“Those just starting to benchmark can participate in CHSB as a platform to analyze their data and build awareness at the property level. Awareness and dialogue on sustainability are still key issues, and CHSB is a cost-effective platform with global reach for helping get the discussion going across the industry.”

HNN: From your perspective, what’s the biggest benefit of the index to the hotel industry?

Ricaurte: “The biggest benefit is having a single, referential data set tailored specifically for hoteliers and available for all to use. We can cut out a lot of the noise, and many initiatives can build off it, as we’re starting to see. Anyone can access the basic benchmarks, while participants get a deeper dive into positioning and data analysis. This saves hoteliers time in not having to field multiple requests so they can concentrate on the things that matter.

“Climate change will be one of the biggest issues, if not the biggest issue, of our lifetime. Ultimately it comes down to a numbers game. We have a limit to how much we can withstand global temperature rise, which translates directly into a metric of greenhouse gases that can be emitted into the atmosphere. Carbon metrics will be at the heart of discussions from global leaders down to everyday consumer decisions. CHSB helps hoteliers and travelers accurately relate carbon emissions to hotels, and, in aggregate, we have an understanding of the hotel industry’s overall contribution to climate change. Everyone needs to get involved in the discussion, and the index helps that discussion at every level of the industry.”

HNN: What types of sustainability trends are you seeing overall in the hotel industry?

Ricaurte: “Existing properties are becoming more efficient, with so many new solutions becoming common. And carbon emission intensities are going down as a result of shifts and efficiencies in the power grid. However, with the added supply in Asia over the past decade and its large pipeline, we’re seeing a difficulty in overall average industry metrics. Hotel chains made massive strides and gained expertise to improve efficiency and begin on a path of renewable energy.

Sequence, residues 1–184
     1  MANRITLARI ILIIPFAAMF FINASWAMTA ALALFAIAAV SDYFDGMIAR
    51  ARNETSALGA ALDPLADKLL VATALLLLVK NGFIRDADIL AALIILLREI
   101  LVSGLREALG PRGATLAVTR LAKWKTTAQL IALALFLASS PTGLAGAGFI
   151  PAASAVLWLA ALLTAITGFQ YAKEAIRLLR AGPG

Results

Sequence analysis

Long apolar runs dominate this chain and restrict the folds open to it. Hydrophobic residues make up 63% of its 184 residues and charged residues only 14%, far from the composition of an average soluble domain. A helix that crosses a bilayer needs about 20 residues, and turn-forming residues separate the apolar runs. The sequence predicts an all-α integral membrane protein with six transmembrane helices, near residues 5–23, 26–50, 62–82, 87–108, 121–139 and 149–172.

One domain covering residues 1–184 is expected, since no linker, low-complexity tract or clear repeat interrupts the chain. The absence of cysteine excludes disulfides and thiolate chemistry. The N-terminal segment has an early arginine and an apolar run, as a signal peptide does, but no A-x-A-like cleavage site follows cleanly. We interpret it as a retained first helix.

“For the industry to continue to improve sustainability performance it will require buy-in from hotel owners. Up until now, hotel owners have been a disparate group in the sustainability discussion. Yes, you have REITs and private equity focusing heavily on sustainability because it makes good financial sense and they have shareholder pressures. But the wider, global owner community has been largely disengaged. Getting hotel owners involved in the discussion and providing scalability for capital-intensive solutions will be the next step.

“Fortunately, the same spirit of industry collaboration that led to the launch of CHSB is working on initiatives for this to be the next trend.”

HNN: What type of feedback have you received from hoteliers who are using the index to improve their properties?

Ricaurte: “Participants like the ability to see a hotel’s positioning within a city and segment among peers, and the validity testing performed on the data also helps them spot data inconsistencies. They also value getting property-level teams engaged with the results. In general, we’re getting positive feedback from the CHSB participant community we’re building over time, with more hoteliers joining the discussion to help make it better. Each year we work to improve the process, the outputs, the segmentation capabilities and the data set.

“Other benchmarking initiatives have been frustrating when they encompass all types of buildings, with hotels only being a subset and not getting a proper voice. So adding global climate zones, more hotel segmentation, in both English and metric system units for floor area, and incorporating metrics like the Hotel Carbon Measurement Initiative and eventually the recent Hotel Water Measurement Initiative, participants like the ability to make and keep this relevant to the industry.”

Clarification, 19 September 2016: An earlier version of this story omitted naming Cornell professor Howard Chong as a co-creator of the index.